West Virginia Governor Boreman and the state Senate recognized the WEST VIRGINIA GEOLOGICAL AND ECONOMIC SURVEY for 100 years of service. The organization's birthday, Feb. 26, was designated by the Senate as the annual "West Virginia Geological and Economic Survey Day." LARRY D. WOODFORK is state geologist and director of the survey.

The National Academy of Engineering elected 85 new members and eight foreign associates in February. Election to the academy is one of the highest professional honors for engineers, recognizing pioneering accomplishments in new and developing fields of technology. New members of the academy include: JAMES P. BRILL, chair, petroleum engineering department, University of Tulsa; J. BRENT HISKEY, professor, materials science and engineering, University of Arizona, Tucson; LARRY W. LAKE, chair, petroleum and geosystems engineering department, University of Texas, Austin; MARGARET A. LEMONE, senior scientist, mesoscale-microscale meteorology division, National Center for Atmospheric Research; JACK E. LITTLE, president and chief executive officer of Shell Exploration and Production Co., Houston; and ARNOLD F. STANCELL, professor of chemical engineering, Georgia Institute of Technology.

OBITUARIES FREDERICK SAUL HONKALA served as executive director of the American Geological Institute from 1975 to 1978. He earned undergraduate and graduate degrees from the University of New Hampshire, University of Missouri, and University of Michigan. His professional career focused on strengthening geological education and representation within government. Honkala served as chairman of the geology department and dean of the graduate school at the University of Montana-Missoula, where a scholarship fund was established in his name. He was president of Yankton College and dean of faculty at St. Mary's College of Maryland. He worked as science adviser to Montana Sen. John Melcher, senior scientist for the Virginia State Bureau of Mines, and director in the advanced science education program of the National Science Foundation. March 9, 1997.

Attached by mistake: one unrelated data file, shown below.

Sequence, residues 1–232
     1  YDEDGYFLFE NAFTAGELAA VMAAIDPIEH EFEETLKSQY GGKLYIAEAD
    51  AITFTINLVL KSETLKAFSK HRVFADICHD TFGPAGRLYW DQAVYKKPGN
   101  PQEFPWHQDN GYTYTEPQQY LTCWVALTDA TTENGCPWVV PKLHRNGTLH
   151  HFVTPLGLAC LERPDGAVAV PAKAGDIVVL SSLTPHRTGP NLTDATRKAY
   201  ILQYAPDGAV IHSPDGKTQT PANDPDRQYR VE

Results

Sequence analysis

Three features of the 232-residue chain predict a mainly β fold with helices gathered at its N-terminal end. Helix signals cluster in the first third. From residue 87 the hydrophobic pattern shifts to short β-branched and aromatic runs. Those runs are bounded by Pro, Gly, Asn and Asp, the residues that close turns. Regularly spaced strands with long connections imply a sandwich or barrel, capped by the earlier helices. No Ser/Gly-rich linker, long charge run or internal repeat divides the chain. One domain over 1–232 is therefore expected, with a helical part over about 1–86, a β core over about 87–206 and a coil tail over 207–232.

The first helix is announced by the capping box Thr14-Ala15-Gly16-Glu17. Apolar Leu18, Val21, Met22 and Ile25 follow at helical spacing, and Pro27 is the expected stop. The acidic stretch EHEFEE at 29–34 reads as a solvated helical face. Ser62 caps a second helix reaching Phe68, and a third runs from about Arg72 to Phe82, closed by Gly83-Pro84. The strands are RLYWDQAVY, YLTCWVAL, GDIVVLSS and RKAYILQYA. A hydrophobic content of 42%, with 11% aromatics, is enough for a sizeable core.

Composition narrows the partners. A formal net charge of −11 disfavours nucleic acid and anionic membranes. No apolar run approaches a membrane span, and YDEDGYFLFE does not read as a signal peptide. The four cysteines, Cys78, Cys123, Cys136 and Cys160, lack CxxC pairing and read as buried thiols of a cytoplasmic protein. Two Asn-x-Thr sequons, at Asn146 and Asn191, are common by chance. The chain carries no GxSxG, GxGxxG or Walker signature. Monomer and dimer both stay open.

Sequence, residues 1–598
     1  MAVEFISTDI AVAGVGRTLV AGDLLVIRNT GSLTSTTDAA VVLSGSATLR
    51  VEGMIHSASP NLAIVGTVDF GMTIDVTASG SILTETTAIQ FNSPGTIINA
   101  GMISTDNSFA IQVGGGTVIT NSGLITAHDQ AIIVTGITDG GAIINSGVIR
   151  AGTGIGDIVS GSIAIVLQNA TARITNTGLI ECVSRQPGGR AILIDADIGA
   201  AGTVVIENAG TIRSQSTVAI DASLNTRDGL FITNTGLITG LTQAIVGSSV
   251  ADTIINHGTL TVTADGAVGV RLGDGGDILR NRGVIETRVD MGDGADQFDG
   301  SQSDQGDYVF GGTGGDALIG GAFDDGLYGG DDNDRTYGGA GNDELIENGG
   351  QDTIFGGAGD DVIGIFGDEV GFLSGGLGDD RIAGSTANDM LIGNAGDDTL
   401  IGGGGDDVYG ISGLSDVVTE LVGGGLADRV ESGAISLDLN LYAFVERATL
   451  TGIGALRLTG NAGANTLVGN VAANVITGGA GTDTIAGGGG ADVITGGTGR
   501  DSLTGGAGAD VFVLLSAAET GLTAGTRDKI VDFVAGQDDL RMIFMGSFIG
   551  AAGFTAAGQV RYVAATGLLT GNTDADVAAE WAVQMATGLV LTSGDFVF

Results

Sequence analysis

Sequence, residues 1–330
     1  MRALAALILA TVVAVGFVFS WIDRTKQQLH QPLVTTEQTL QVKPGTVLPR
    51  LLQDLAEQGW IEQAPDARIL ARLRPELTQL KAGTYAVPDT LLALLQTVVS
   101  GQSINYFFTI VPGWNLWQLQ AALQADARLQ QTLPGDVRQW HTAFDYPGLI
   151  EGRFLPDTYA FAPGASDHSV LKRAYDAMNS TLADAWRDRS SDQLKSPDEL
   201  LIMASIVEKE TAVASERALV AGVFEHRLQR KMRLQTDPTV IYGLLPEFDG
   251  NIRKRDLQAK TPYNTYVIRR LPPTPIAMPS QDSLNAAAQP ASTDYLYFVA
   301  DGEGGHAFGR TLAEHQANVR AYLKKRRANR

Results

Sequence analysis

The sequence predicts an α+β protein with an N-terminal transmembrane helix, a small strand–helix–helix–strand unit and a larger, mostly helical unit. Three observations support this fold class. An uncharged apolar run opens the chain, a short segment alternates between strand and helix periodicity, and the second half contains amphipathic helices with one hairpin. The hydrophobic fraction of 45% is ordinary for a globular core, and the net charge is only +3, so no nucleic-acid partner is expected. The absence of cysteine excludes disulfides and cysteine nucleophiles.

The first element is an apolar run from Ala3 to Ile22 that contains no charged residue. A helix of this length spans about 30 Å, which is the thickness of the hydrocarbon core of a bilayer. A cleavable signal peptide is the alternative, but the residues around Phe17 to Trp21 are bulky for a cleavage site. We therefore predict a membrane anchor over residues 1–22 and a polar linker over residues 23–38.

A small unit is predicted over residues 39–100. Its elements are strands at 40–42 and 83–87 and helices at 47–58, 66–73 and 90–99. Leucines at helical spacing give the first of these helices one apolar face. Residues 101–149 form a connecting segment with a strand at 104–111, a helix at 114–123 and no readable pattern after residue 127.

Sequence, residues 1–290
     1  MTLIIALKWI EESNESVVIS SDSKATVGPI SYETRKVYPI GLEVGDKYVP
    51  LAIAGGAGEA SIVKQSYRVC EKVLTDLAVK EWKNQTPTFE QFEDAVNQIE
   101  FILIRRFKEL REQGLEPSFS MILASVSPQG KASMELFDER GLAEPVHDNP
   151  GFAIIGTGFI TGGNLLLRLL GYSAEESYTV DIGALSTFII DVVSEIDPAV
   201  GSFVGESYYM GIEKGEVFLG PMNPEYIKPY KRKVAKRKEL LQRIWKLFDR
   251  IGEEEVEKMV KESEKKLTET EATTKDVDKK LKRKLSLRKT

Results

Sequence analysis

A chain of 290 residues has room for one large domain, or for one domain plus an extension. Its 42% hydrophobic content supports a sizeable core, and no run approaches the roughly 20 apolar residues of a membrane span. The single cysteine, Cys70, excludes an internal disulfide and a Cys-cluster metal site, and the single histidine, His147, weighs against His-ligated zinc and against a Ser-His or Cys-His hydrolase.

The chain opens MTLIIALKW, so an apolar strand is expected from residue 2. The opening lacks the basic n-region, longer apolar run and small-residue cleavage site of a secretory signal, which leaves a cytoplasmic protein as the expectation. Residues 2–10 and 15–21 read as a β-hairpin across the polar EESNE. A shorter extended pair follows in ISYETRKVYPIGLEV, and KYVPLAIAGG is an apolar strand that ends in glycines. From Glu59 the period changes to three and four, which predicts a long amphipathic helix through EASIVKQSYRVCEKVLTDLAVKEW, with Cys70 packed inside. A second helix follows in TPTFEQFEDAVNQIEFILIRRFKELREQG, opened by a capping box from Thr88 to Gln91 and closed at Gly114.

HANS W. SCHREIBER was an international expert in the financial analysis of mineral properties, ore reserve calculation procedures, and mineral property negotiations. Originally from Germany, Schreiber worked for many commerical mineral companies in the United States and Germany before becoming chairman of the board and chief executive officer of Behre Dolbear and Company, Inc.

Schreiber was a member of the Geological Society of America, American Institute of Professional Geologists, and Society of Mining Engineers, and a past president of the Mining and Metallurgical Society of America. He was a registered geologist in California. Nov. 6, 1996.

ROBERT E. BERGSTROM, former chief of the Illinois State Geological Survey, is credited with recognizing the importance of the emerging field of environmental geology in the early 1960s. As an internationally recognized groundwater specialist, Bergstrom travelled throughout Kuwait, Saudi Arabia, and Vietnam. In 1963, he became head of the groundwater section of the survey; he served as chief from 1981 until his retirement in 1983. Sept. 28, 1996.